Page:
6. The atmosphere runs 0.328ppm N2O! Alarmingly this is an increase from 0.270 since 1800. Sheesh, there ate a lot of ill folk out their losing too much sleep.

    A few years ago there was a study agonizing over parts per trillion antimony (Sb) in bottled water which came from catalysts used in making the plastic. The length of one US dollar is one part per trillion of the distance to the sun from the earth which is 15 trillion centimeters. Moreover, antimony pentoxide is administered as milk of antimony to treat the parasite infestation Lieschmaniasis fot about 100 years, so a few ppt does not even rise up to joke level.

  7. Based on this study, I can say definitively that nitrogen in permafrost soils may exert great feedbacks on climate change, or it may not. Why are so many scientific papers total garbage like this one?

    • Biomass on average is less than 0.5% N though it can vary from 0.1 to 2.5% depending on the part of the tree and how fresh it is.

      Look at the Wikipedia page on biomass composition. Look where the nitrogen is in cellulose and hemi-cellulose. When biomass decomposes the N is already attached to an adjacent O with a double bond on one side only. When it decomposes it therefore emerges as NO, not N2O nor NO2 and certainly not NO3.

      Above it claims they are measuring is N2O. Really? Are they sure about that? Is someone making a fatal typo here?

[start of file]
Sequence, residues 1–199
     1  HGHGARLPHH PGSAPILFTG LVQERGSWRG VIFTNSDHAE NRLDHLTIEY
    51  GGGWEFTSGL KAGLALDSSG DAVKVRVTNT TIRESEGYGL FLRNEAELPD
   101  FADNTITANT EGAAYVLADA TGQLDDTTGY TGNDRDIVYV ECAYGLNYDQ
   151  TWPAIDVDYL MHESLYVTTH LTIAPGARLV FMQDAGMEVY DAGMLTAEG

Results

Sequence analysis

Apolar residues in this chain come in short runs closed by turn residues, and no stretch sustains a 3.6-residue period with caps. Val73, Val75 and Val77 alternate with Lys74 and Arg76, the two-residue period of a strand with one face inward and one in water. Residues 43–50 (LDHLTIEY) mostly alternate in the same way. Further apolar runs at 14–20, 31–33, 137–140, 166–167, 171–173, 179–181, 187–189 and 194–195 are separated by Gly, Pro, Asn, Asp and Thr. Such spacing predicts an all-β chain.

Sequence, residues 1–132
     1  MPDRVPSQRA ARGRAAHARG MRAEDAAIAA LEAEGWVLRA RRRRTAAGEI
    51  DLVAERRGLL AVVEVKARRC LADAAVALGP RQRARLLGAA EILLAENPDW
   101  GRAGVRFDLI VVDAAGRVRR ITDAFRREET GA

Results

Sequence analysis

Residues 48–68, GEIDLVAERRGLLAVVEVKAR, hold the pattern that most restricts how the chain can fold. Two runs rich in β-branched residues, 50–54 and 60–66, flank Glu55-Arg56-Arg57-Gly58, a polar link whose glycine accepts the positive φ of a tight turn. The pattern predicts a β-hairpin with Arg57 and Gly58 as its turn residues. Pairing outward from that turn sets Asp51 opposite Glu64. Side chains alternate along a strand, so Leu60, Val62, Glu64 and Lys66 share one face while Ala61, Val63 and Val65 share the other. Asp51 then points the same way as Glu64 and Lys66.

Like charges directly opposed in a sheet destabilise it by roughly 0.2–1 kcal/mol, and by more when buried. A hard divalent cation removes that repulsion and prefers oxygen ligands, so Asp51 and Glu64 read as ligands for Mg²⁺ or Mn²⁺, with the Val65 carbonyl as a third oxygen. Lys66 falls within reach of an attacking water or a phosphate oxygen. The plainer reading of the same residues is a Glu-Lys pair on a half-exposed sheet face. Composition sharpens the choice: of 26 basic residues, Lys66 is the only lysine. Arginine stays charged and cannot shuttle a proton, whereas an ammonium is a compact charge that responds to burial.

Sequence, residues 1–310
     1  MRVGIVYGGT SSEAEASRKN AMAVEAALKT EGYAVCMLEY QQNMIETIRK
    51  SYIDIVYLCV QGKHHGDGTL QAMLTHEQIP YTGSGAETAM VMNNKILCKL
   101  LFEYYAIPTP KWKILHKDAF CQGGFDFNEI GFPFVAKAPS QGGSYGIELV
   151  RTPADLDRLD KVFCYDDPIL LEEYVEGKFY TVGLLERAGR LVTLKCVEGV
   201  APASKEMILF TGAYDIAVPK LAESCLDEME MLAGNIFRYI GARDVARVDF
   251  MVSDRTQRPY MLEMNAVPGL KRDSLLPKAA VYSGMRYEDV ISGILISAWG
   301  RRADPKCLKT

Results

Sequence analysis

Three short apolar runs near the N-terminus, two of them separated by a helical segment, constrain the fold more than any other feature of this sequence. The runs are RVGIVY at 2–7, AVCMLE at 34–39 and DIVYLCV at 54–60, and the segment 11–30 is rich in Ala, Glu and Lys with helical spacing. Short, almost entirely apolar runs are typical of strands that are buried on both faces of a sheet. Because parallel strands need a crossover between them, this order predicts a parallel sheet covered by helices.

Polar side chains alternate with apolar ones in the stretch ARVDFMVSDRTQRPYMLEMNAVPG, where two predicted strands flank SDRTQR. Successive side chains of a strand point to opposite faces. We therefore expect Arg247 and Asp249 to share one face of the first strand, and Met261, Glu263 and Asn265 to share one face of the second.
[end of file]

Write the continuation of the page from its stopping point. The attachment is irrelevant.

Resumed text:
NO in sunlight makes NO2, only, and at night it transforms back to NO rather easily. Eventually it reacts with volatile organic carbons and changes to N2 and O2 joining the 78% of the atmosphere that is an inert gas.

      The “threat” of nitrogen emerging from decaying nitrogen offers no risk at all from either a global warming perspective or as an air pollutant. When permafrost melts new biomass grows that takes up more carbon and nitrogen that is lost from the decaying material that was frozen in the ground. The narrative in the article is false.

  8. Their is no such thing in science or physics as a greenhouse gas, that is post modernist speak for either a condensing gas or an optically active gas [radiating gas].
    Have a nice day.

  9. I do believe the *thaw* in permafrost will have far stronger, deeper and longer lasting effects on the environment and atmosphere than any gas captured within it…

    @Gary Ashe

    asynchronous or synchronous re-emissive gasses….

  10. Quote
    “What nitrogen is getting up to in permafrost soils may be much more interesting than researchers have long believed–with potentially significant consequences for our management of climate change”.

    If that isn’t a prompt for new grant support opportunity, I don’t know what is.